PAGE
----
A durable paper ballot requirement is not a retrograde goof, nor a rejection of e-voting. It’s a reflection of current reality, that all-electronic e-voting implementations are asking for trouble. Codifying an allowance for all-electronic systems today would just open the door to arguments about what’s good enough cryptographically, arguments that will be settled by folks even less competent than our representatives. Codifying the well-understood voter-verified paper audit trail as a requirement puts an immediate crimp in the shopping spree for fancy-looking machines that are rotten inside – a shopping spree that will continue if this law isn’t passed, creating an ever-larger lump of sunk investment in pretty bad technology.

A paper audit trail today isn’t a rejection of e-voting, it is progress toward a more robust implementation that in the future will, no doubt, also include other alternative durable auditable records.

For credible background on the security geek consensus, see the above-quoted NIST draft, the US ACM policy recommendation, or Bruce Schneier (University of Rochester physics alumnus!). Or anything by Ed Felten or Avi Rubin on this subject. In this case, our representatives seem to be listening to informed advisers.

Regarding politics: All parties’ oxes have been gored at one time or another by voting fraud or rumors of fraud, so this does seem like an issue on which a consensus could form.

Systems programmers help people

Way back in the 1970s, I attended a banquet at RIT, for incoming or prospective students. My assigned seat placed me next to another intended Computer Science major.

I had cut my teeth in high school on some Basic programming (on a Xerox Sigma mainframe and a Wang 2200B), then self-taught myself APL and IBM/360 assembly language (paying for access at UR to an APL terminal, and editing object decks on the keypunch to save money while debugging assembly language programs).

My dinnermate at the banquet had had no such experience. So in choosing her major and concentration, she had to depend on the layman’s descriptions she heard during a college visit. You see, application programmers write programs that actually do things. Meanwhile, system programmers work on the operating system.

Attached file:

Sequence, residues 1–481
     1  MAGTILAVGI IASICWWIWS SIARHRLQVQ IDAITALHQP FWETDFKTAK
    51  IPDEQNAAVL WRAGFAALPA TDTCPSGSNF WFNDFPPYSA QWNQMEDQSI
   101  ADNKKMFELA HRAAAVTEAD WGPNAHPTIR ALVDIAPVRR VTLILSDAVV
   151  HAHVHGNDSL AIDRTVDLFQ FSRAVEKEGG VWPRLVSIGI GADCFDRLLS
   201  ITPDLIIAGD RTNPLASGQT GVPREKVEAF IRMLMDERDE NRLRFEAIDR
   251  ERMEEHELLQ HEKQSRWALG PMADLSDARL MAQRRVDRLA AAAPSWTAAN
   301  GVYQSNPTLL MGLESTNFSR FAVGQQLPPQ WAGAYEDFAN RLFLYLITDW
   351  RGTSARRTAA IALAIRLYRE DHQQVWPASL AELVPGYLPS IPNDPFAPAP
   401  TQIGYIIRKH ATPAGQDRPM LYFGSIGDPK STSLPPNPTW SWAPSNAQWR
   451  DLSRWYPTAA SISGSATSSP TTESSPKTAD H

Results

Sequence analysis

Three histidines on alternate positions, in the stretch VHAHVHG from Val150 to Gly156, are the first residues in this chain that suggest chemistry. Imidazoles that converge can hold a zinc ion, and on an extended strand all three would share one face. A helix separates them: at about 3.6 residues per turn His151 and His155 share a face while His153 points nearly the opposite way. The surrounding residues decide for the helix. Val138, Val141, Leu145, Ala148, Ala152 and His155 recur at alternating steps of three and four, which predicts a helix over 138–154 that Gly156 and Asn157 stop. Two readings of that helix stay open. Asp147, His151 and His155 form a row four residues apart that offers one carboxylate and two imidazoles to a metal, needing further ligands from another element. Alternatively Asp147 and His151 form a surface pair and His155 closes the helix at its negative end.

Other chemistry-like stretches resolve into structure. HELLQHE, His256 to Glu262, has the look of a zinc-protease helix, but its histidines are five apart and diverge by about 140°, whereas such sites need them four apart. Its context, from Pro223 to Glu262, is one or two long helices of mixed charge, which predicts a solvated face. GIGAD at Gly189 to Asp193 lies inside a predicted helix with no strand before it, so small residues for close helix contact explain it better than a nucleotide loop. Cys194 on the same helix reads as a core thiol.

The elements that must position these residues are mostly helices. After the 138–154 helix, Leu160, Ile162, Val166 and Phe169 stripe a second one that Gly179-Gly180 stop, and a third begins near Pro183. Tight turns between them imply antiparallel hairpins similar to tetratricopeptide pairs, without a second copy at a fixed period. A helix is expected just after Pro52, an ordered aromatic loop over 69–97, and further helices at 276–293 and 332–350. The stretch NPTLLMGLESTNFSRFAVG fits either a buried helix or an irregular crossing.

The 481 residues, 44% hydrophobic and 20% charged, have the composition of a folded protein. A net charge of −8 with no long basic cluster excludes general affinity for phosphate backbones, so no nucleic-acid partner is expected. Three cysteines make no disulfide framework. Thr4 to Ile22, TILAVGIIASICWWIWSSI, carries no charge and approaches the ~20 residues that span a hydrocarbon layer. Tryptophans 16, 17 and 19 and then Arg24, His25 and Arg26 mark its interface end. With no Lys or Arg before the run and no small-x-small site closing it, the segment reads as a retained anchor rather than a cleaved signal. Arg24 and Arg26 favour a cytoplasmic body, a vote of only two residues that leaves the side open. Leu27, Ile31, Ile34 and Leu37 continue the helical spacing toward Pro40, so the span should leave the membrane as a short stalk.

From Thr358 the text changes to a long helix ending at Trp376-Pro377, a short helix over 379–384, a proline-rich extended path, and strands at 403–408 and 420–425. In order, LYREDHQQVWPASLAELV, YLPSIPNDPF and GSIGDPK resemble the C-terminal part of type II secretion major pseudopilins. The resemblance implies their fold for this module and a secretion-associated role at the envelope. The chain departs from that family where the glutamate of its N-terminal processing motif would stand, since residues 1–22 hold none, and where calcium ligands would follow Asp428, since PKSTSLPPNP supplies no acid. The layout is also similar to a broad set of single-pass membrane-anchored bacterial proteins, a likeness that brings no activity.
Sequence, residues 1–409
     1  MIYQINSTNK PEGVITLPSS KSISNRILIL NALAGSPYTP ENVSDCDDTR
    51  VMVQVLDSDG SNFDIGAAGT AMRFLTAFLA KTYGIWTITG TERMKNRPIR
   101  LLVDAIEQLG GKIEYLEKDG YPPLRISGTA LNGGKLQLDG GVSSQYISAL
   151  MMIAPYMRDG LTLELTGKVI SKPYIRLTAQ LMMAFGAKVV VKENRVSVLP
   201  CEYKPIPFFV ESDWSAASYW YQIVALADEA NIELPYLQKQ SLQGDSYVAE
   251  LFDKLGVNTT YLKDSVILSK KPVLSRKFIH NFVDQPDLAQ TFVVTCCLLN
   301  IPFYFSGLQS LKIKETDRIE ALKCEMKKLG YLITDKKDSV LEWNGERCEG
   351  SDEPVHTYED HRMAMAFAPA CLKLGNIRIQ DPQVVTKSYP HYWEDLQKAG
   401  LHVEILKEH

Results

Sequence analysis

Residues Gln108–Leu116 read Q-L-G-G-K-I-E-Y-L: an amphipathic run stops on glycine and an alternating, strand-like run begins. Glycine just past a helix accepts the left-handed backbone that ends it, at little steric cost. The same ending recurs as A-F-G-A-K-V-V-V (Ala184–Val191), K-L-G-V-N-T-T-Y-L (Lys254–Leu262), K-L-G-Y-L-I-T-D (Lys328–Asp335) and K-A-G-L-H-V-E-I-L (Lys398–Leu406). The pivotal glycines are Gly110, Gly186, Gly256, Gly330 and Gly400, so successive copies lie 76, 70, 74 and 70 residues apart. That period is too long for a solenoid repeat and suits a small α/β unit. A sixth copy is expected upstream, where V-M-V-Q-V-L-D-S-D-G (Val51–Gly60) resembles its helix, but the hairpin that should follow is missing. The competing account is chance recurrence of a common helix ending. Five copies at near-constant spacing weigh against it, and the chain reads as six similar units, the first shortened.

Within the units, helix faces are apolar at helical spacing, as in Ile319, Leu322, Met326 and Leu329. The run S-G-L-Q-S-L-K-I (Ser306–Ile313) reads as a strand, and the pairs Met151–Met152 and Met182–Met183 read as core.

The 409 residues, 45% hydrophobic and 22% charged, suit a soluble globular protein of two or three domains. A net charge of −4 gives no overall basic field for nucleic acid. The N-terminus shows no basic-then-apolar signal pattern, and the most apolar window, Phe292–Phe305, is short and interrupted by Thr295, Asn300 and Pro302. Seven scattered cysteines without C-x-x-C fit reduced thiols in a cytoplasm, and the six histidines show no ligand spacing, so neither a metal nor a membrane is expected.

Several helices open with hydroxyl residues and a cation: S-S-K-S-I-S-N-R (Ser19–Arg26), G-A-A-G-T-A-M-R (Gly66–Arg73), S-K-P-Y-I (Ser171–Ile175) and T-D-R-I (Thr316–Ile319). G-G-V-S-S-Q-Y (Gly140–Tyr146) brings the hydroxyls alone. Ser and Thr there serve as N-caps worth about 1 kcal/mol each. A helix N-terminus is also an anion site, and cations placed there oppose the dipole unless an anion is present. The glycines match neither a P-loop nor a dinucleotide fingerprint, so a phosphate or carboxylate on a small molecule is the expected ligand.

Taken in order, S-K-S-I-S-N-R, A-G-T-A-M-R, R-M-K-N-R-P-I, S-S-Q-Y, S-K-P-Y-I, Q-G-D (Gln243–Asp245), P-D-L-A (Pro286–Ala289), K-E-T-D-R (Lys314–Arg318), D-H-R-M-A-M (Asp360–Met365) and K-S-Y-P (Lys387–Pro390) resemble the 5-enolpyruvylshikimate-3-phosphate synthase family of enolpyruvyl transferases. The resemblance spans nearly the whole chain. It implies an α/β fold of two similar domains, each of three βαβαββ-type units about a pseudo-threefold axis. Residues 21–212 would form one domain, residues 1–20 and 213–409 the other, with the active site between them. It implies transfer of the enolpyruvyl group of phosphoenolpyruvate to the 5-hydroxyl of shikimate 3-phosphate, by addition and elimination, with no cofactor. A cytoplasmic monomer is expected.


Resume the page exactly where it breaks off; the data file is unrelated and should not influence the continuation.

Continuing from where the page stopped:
What’s an operating system? Well, it doesn’t do anything itself, it’s just there to help people write application programs.

Why did she choose Computer Science with a system programming concentration? “I like to help people.”

Goodbye IE6

My installation of Microsoft Internet Explorer 6 (version 6.0.2900.2180.xpsp_sp2_gdr.050301-1519) has developed the unfortunate problem of frequently (about once a day) trashing its ability to render correctly: painting its window contents at various places all over the display, rendering in the wrong font, leaving turds all over its window while scrolling. Once it starts I have to kill iexplore.exe to make it stop. I believe it is fully-patched.

In my mind the appearance of this problem is correlated with the appearance of two new aggressive JavaScript interfaces: The much-improved BlogLines feed selector, and the very-irritating Yahoo Finance streaming quotes feature (which slows down every refresh even when set to “off”). That may just be coincidence.

It does mean there’s some serious undiscovered memory corruption going inside IE6 somewhere.

It’s a good time to switch to FireFox and/or IE7.

Storage Innovation Ahead

The existence of cheap and presumed-reliable storage services such as
Amazon S3
will cause a burst of innovation in personal and corporate storage options.
A particularly good fit: content-addressible storage schemes such as
plan9 venti
that offer frugal use of bandwidth (important when metered), and attractive features like version snapshots “for free.”
A little searching shows one talented software developer thinking along these lines already:
Brad Fitzpatrick: wsbackup — encrypted, over-the-net, multi-versioned backup.
There will be more.